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Born on April 25, 1918 in Blackie, Alberta, Pat Egan would have a decent playing and coaching career through various levels of hockey.
His hockey journey would begin with the Calgary Radios in 1935-36, where he had three points. In 1936-37, he played 14 games with the Nelson Maple Leafs, followed by 11 games in 1937-38 with the Sudbury Frood Tigers.
Egan would begin his professional career with the Seattle Seahawks of the Pacific Coast Hockey League in 1938. In 44 games with the team, he would record 185 penalty minutes. During the next season, he would play in Springfield before being called up to the New York Americans, playing ten games that season. During those 10 games, he would record seven points.
He would play two seasons with the Americans until leaving to serve in the military from 1942 to 1943. As part of the Montreal Army team, he would record 14 points in 19 games.
Upon his return, the Americans franchise had folded and his rights were transferred to the Detroit Red Wings.
After half a season with the Red Wings in which he had 19 points in 23 games, he was traded to the Boston Bruins for Flash Hollett. For the next six seasons, he would anchor the defence of the team. Over the course of his time with the Bruins, he would never record lower than 18 points, and his best season would come in 1946-47, when he had 25 points in 60 games. In 1949, he was traded to the New York Rangers, where he played for two seasons, recording 16 and 15 points in 70 games.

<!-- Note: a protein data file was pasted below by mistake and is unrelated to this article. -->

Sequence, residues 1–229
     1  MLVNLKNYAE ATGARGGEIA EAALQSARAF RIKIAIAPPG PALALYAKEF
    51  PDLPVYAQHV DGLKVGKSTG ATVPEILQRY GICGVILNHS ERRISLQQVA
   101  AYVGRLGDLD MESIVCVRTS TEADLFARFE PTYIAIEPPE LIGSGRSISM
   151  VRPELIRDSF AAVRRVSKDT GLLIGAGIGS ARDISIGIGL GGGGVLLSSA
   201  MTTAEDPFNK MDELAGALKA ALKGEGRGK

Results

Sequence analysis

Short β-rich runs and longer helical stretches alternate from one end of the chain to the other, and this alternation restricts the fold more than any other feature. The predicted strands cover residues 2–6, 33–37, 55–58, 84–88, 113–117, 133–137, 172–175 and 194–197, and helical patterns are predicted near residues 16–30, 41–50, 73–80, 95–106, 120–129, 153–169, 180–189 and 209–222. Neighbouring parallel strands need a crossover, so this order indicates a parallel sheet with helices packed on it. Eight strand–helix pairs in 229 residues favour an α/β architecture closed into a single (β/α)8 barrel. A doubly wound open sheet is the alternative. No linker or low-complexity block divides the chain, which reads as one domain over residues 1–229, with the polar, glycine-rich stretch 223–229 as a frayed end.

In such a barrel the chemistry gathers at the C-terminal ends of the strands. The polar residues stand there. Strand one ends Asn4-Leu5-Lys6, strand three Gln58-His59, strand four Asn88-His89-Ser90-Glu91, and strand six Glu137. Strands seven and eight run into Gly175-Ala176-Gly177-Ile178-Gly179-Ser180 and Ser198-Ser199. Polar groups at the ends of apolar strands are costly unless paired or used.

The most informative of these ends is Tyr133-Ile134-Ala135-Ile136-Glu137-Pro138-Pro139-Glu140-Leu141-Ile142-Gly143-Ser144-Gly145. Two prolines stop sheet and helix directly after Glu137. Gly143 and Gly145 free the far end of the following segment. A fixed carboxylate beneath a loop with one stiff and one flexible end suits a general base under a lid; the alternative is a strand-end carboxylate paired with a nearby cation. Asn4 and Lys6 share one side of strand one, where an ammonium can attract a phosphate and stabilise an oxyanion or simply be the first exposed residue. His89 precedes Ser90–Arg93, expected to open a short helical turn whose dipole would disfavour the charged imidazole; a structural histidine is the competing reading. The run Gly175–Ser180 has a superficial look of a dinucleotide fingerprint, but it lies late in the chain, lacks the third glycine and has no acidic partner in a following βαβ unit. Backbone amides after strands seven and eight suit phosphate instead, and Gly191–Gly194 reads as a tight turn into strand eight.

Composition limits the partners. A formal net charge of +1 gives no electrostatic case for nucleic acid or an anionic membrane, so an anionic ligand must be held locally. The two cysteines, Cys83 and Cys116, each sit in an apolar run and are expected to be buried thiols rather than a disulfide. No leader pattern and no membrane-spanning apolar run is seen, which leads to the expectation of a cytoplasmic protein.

By 1951, he was beginning to slow down and was sent down to the minor leagues, never to return to the NHL. Over the course of his NHL career, he would have 77 goals and 153 assists for 230 points in 554 games. He would be named the NHL Second Team All-Star in 1942, and play in the NHL All-Star Game in 1949. Interestingly enough, there are some who claim that Egan was the inventor of the modern slap shot, but there isn’t too much to back this up.
Egan was well-known for his strength in the NHL and spent plenty of time in the penalty box. During his career, he would earn the nickname of Boxcar for his strong frame, and record 776 penalty minutes
For nine years, he would play for the Providence Reds of the AHL until 1959 when he played briefly for the Victoria Cougars of the WHL.
Over the course of his AHL career, he would have 140 points in 270 games. His best year, AHL or NHL, would be in 1957-58, when he had 36 points in 59 games.
Following his playing career, he would begin coaching. He had served as a player-coach for the Reds in 1954 and 1955, but he would be hired by Eddie Shore to coach the Springfield Indians in 1959. He would coach the team to three straight first-place finishes and three straight Calder Cup championships, the only time this has ever been accomplished. After three seasons without making the playoffs, he would go on to coach the Jacksonville Rockets of the Eastern Hockey League in 1966. With the team suffering from injuries, he would play 19 games for the Rockets at the age of 47.
In 1969, he would go on to work in Operations for Northeastern University for 22 years until his retirement.
He would be elected to the Springfield Hockey Hall of Fame.
Egan would pass away on June 3, 2008.
Information for this comes come Boston Bruins Legends, HockeyDB, Wikipedia,
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